First place … for now

While we wait until mid-next week for Adam Bodnar of WMU media relations to dig through reams of archives to find out how long it’s been since the Broncos were atop the CCHA this late in the season …

ALONG THE RAIL …

  • To hold the league’s top spot is certainly worthy of pause and reflection, given where this program has been the last decade.  Still, Andy Murray kept things in perspective when he spoke to the Kalamazoo Gazette: “To me, first, second, third (place), as long as we’re up there at the end of the year, that’s the only thing that’s important.”  Because, chances are, Lake Superior State will not shut out Ohio State again tonight.
  • Friday’s 4-1 victory was like watching a kid struggle to unwrap a present: the end result was inevitable; the process bulky, messy and, frankly, a little boring.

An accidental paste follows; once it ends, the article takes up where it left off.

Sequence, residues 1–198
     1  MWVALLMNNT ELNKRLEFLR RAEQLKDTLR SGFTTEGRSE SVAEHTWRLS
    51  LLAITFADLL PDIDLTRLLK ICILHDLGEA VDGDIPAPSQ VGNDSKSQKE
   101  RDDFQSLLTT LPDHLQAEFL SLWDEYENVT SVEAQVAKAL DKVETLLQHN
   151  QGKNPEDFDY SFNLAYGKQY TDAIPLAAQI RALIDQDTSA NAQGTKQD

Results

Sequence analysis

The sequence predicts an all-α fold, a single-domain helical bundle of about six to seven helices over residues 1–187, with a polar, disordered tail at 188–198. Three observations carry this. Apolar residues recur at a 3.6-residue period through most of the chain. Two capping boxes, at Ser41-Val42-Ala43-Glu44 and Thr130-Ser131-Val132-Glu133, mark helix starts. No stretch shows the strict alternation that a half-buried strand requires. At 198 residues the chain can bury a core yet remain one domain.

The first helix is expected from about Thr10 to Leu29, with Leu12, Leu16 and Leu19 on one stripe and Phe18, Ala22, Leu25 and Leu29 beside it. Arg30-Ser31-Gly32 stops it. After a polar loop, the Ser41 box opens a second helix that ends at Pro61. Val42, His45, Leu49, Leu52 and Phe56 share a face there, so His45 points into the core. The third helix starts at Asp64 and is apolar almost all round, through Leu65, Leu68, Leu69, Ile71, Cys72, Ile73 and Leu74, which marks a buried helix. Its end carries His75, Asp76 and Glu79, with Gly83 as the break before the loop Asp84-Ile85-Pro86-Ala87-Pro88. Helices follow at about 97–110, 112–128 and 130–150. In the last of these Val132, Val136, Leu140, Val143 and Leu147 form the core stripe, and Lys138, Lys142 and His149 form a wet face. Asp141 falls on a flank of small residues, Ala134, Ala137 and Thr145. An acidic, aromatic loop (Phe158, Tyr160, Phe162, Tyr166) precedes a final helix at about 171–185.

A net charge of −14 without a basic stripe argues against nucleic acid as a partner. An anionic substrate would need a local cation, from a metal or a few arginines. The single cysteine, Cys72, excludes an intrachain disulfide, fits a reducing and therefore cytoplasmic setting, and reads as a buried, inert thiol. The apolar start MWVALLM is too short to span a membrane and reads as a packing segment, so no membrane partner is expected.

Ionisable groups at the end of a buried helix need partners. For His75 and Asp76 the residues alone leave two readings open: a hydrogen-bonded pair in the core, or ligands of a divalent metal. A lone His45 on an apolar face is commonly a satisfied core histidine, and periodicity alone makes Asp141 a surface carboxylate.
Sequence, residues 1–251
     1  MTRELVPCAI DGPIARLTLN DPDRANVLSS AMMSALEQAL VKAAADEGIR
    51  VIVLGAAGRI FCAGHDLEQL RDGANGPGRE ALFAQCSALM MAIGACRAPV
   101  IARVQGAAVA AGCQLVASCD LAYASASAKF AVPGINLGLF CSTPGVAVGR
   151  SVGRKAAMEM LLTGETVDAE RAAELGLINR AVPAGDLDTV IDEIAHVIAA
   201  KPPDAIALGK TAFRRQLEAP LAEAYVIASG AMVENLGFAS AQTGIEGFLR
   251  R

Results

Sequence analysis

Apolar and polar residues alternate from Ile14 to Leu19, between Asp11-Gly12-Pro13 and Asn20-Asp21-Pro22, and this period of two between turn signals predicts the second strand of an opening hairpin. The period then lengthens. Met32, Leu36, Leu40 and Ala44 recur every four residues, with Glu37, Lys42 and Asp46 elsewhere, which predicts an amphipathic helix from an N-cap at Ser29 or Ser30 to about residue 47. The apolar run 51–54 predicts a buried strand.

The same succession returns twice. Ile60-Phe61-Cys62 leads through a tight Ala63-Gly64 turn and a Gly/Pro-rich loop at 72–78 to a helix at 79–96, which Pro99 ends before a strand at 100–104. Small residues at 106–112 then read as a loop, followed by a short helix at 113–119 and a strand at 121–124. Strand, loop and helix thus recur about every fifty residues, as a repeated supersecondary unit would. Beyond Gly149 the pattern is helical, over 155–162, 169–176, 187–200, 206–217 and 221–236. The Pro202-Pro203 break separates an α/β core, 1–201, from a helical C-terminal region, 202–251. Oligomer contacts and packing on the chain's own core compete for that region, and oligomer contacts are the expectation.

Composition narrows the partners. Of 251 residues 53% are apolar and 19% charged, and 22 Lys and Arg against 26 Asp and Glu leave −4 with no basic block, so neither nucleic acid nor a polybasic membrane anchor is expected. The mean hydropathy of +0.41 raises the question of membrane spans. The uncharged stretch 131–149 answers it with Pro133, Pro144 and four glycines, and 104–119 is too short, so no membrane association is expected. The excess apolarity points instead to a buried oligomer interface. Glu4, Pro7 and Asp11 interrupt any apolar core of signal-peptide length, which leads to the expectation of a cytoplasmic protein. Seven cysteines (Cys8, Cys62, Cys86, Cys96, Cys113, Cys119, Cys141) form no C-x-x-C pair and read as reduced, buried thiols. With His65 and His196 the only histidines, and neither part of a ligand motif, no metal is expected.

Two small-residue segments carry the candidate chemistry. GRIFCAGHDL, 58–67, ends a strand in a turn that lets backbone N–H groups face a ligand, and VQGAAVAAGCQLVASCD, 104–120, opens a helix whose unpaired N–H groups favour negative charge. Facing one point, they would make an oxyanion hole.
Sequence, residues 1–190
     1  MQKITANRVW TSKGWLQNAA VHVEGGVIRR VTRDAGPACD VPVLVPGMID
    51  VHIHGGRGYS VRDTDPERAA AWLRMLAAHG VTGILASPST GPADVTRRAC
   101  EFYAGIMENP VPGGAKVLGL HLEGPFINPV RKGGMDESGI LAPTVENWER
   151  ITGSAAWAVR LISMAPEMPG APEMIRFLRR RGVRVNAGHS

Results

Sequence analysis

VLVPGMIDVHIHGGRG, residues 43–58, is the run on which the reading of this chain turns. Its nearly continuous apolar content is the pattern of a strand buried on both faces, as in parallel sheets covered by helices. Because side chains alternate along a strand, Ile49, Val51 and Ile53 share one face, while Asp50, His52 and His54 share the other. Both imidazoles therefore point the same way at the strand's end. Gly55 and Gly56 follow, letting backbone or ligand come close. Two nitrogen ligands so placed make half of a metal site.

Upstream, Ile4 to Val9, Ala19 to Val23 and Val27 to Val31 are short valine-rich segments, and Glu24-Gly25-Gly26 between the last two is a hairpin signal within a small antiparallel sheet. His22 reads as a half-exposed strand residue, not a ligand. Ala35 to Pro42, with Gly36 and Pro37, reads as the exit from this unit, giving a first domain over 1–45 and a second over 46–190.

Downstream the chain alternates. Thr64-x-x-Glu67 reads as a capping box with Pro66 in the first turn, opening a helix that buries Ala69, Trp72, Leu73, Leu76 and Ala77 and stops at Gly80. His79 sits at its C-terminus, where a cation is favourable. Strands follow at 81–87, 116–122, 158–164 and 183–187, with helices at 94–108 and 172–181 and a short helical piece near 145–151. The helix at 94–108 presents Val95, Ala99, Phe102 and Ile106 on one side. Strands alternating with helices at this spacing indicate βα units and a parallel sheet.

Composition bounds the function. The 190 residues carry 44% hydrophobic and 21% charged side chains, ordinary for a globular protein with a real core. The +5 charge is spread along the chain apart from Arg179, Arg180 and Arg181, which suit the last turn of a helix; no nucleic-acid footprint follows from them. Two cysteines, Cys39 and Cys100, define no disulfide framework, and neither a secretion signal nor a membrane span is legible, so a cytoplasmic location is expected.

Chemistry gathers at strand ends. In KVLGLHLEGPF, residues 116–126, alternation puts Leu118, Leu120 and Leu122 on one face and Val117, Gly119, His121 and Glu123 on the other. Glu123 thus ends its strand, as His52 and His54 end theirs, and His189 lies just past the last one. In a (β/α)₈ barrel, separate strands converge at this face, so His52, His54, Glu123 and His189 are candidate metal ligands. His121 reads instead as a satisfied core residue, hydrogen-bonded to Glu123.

• First period: knock off bow, tear away a few corners, shake box, stretch ribbon.  Props to Bowling Green goaltender Andrew Hammond, who made 17 saves to keep the game scoreless and add a little suspense.  The Broncos machine gunned the BG zone, but couldn’t crack Hammond despite a pair of power plays early.  And poor Derek Roehl.  The WMU forward had two point-blank chances that, upon video review, bounced off the clear sheet of plexi-glass that Hammond apparently screwed onto the front of the net.
  • Second period: strip away brown and orange wrapping paper, struggle with taped box top, finally bust it lose.  Welcome back, Dane Walters.  The junior forward, in his return from a separated shoulder, had two goals in less than six minutes to help make it 3-0.  Here’s a question: How does a guy who’s a little more than two weeks removed from a separated shoulder score on a wicked wrister from the top of the circle?  #bigupsbrianbauer.  Senior Greg Squires also scored for the first time since October.
  • Third period: pick away last bits of tape and paper, thrash tissue paper, glory.  Shane Berschbach’s seventh of the year into an empty net capped the scoring.